You are still responsible for your data
Beware of tempting sales pitches for the cloud: You are still responsible for your data
Unless you have been sleeping under a rock, you are probably aware that more and more organizations are beginning to use the cloud in connection with applications, servers or popular work tools like Microsoft Office 365, Teams and others.
And it is happening fast. Microsoft reached more than 200 million monthly Office 365 users with over 3 million new users added every month since November 2015. Communication platforms with video conference capabilities, such as Microsoft Teams, have seen the most recent growth due to the current COVID-19 pandemic.
In April, the amount of Teams users grew with more than 70 percent to 75 million daily users – Italy saw a growth of 776 percent.
A lot of organizations are making the move towards the cloud, including Microsoft, Google and even Salesforce, the world’s most popular CRM platform and a SaaS platform ever since the dot.com bubble.
Frederik Schouboe is the CEO and cofounder of the Danish IT security organization Keepit, which delivers cloud-based backup solutions for corporate data. Illustration: Keepit
Their sales pitches focus on stability, 24/7 data accessibility and not least ‘scalability’, which helps many organizations adjust quickly to growth or unforeseen circumstances, such as COVID-19. In my opinion, the entire cloud phenomenon is one of the most important modern industrial revolutions, and it will generate growth for many years into the future as more and more organizations discover all of its benefits.
The cloud is more secure than on-premise, but…
The cloud providers also guarantee security and without a doubt, Microsoft’s and Google’s data centers deliver some of the world’s best security. They are much more secure than whatever solution your organization might build in your own server room.
This does not mean that your data are protected when something happens to them, however. If you read the fine print, organizations are still responsible for the integrity of their own data – and many organizations are unaware of this. This means that you are completely on your own if your organization is targeted by a ransomware attack affecting your cloud data.
This was exactly what happened for Maersk in the 2017 NotPetya cyberattack. While Maersk had full synchronization of all their data, including their Active Directory, they had no point in time backup if all servers were to crash simultaneously. NotPetya caused this, meaning that Maersk was left completely paralyzed without a central backup.
The rest of us are not Maersk, and we cannot just call Microsoft’s CEO – and even with this option available, it took several months for Maersk to recover from the attack. The SaaS providers are only responsible for maintenance of their service – not the security of your data. This responsibility is still yours, just like it used to be back when you used software with local application installations.
Below you can find helpful and easy-to-follow advice on how to protect your cloud data right from the start.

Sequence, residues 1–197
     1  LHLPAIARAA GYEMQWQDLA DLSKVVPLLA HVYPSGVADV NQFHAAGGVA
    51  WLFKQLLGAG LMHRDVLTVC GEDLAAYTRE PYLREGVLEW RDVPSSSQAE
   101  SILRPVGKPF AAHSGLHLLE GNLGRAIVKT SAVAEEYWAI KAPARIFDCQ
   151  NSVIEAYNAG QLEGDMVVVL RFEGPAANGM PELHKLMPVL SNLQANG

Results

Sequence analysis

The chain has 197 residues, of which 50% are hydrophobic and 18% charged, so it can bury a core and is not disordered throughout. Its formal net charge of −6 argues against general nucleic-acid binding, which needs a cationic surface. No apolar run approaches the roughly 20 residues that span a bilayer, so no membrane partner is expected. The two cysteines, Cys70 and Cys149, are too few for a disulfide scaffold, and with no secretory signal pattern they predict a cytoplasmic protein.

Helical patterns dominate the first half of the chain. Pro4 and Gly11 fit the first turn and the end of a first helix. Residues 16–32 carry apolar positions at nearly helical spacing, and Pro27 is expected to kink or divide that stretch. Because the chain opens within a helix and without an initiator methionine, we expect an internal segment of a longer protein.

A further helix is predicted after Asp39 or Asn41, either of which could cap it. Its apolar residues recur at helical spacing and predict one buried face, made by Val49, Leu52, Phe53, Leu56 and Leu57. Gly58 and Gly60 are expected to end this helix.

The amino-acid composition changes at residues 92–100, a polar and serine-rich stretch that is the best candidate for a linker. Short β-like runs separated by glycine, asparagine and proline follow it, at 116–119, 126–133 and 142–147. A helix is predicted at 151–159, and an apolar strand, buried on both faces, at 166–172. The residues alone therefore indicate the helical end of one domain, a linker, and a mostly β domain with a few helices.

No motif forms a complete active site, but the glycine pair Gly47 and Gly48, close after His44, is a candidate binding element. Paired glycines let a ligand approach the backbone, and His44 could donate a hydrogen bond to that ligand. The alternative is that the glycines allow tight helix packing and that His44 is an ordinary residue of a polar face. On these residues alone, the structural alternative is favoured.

1: Know your cloud provider’s limitations
If you were to put all of your belongings into a storage hotel, I am sure that you would be very curious about a lot of things: How are my things protected, who takes care of them, will I always have access to them, what happens if everything burns and are you insured?
You should ask the exact same questions when you consider cloud platforms. Microsoft, for instance, offers 99.9 percent uptime and the highest physical and digital security level in the world. But when that 0.01 happens, and you cannot access data critical to your organization, no one will help you. Or even worse: If you lose data due to e.g. a hacker attack or accidental data deletion, Microsoft will not be able to provide you with an updated backup copy of your data.
Therefore, you need to be aware of all the platforms’ IT security limitations. Only then will you be able to build up an acceptable security level.
2: Build the first barricade: Your employees
Generally, the security level among the cloud platforms is very high but the chain is no stronger than its weakest link.
It only takes one phishing mail to paralyze the entire organization. This means that you need to incorporate proper security policies for your employees’ access to cloud data, the way they open mail attachments and so on. It may sound terribly trivial, but many successful cyberattacks exploit weaknesses among the organization’s employees.
You will also need proper user control. Organizations manage up to thousands of employees and users with access to cloud applications and services, each of them with different roles, rights and needs.
And remember to check their passwords. In 2019, ”12345” was yet again one of the most commonly used passwords out there…
3: Cloud data backup
It may be obvious for a backup guy to recommend that you back up your data. But in the end, the most efficient safeguarding of your data is to frequently make physical backups in another location. A cloud-focused version of the traditional 3-2-1 plan with three copies, one of them off-site – in a different location from your SaaS provider – is recommended.
Microsoft has a trash bin feature similar to the one on your desktop; but files in it will be deleted after 30 days, if you do not delete them yourself, and you will not be able to access any backups of them. The same goes for platforms like Google Drive and Dropbox.
Therefore, you need a backup – no matter whether it is on-premise or supplied by a provider. The best backup you can get is the one you actually make.